August 6, 2015 will mark the 70th anniversary of the first explosion of a nuclear bomb as an act of war in Hiroshima, Japan. The United States of America exploded another a few days later in Nagasaki, soon to be met with the surrender of Japan and the end of WWII. No other country has ever used such a weapon in the course of armed conflict, though several others have developed and come to possess them. At least one war has been instigated in this century (so far) to supposedly stop a country hostile to its neighbors from developing such weapons (Iraq). Other countries have faced harsh international economic sanctions designed to dissuade them from developing nuclear weapons of their own. At least one such nation, North Korea, appears to have developed nuclear weapons despite such sanctions.
The five permanent members of the UN Security Council plus Germany (P5 +1) recently negotiated a deal with Iran which seeks to end any nuclear weapons program in that country in exchange for removing crippling international sanctions against them. The governments involved, as well as the UN Security Council, are in the process of trying to ratify that deal. The US Congress is in the process of a 60 day period during which it will study and debate the proposed deal prior to either ratifying it or voting it down. Much of this 60 day period falls within the August recess for Congress, giving opponents and proponents ample time to hold town hall meetings with constituents to determine popular opinion on the matter.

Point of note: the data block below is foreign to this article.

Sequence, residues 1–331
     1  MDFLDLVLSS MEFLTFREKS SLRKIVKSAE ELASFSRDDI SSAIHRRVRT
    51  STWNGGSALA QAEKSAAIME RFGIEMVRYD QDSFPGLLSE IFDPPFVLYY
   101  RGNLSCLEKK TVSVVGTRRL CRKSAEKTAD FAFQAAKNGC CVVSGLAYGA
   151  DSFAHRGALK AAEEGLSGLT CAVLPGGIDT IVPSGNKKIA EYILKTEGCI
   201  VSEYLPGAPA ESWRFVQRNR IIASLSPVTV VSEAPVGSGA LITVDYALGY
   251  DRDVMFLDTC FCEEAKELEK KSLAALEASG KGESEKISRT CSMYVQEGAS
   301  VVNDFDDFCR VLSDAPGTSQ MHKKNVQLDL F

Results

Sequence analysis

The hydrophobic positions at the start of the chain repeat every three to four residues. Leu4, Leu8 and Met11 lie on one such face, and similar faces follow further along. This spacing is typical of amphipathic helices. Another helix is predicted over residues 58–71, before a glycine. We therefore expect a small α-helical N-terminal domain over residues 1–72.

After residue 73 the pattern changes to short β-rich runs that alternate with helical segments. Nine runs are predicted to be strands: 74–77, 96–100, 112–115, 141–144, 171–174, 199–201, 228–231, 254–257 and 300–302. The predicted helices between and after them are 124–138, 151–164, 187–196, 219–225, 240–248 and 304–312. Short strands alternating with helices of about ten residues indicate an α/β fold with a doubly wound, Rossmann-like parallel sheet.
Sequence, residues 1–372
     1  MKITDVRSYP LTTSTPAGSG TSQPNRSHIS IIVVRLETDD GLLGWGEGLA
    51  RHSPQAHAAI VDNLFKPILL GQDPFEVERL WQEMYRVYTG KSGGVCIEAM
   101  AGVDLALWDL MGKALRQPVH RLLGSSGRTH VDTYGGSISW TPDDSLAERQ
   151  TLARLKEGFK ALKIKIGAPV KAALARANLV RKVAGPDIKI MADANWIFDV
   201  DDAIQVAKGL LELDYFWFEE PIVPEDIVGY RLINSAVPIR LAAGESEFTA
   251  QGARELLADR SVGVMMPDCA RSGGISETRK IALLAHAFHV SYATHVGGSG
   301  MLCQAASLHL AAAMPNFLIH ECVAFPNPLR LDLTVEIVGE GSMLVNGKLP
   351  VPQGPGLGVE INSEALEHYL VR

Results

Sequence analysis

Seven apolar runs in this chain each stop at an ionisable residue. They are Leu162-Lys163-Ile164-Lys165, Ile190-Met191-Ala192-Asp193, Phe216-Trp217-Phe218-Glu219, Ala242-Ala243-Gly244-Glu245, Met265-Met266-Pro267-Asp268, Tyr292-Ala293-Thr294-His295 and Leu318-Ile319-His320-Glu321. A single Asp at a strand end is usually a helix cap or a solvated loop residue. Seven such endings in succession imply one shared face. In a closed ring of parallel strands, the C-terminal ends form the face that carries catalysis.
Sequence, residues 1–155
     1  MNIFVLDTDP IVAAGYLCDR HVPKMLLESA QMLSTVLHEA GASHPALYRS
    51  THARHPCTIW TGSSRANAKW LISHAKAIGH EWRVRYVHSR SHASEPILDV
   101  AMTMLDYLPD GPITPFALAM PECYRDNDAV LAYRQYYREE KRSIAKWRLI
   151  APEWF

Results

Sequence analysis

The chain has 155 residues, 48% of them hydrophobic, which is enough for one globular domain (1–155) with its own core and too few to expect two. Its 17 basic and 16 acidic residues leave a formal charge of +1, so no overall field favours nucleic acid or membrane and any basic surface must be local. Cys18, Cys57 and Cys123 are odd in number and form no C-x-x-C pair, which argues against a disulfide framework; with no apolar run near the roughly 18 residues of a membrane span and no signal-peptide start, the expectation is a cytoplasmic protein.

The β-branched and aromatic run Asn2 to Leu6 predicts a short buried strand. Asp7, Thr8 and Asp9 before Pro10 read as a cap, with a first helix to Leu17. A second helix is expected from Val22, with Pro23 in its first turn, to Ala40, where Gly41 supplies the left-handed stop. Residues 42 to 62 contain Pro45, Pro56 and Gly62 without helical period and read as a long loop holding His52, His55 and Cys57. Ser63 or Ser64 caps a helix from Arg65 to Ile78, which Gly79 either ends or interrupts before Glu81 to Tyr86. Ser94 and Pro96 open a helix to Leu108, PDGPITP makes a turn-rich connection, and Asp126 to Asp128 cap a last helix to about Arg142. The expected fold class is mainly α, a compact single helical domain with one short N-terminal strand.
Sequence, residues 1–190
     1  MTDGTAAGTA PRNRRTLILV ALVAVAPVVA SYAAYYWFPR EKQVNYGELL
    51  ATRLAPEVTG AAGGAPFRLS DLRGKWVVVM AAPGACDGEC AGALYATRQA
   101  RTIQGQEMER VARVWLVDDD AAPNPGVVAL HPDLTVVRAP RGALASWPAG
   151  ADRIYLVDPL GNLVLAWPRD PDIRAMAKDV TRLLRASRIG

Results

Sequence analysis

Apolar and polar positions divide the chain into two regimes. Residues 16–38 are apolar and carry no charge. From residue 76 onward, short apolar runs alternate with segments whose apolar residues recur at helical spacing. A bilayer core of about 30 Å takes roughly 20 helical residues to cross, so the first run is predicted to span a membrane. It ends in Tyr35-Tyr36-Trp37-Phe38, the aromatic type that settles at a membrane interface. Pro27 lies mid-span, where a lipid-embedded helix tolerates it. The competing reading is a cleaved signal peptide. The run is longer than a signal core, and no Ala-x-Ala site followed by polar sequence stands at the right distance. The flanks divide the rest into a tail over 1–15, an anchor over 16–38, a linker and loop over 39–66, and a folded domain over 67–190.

Enormous effort has been put forth by some members of the international community to ensure that some countries never attain nuclear power status. Other nations seem able to develop them with nary a hue and cry of protest. India and Pakistan, for instance, have each developed these weapons without provoking the sanctions regime visited upon North Korea, Iraq and Iran. The main nuclear powers developed these weapons before other nations had the ability to prevent them. Despite the existence of the Nuclear Non-proliferation Treaty, the club has continued to grow, with others threatening to develop them in self-defense should a hostile neighbor come to possess them. Most are certain that Israel has possession of some of these weapons in its own arsenal.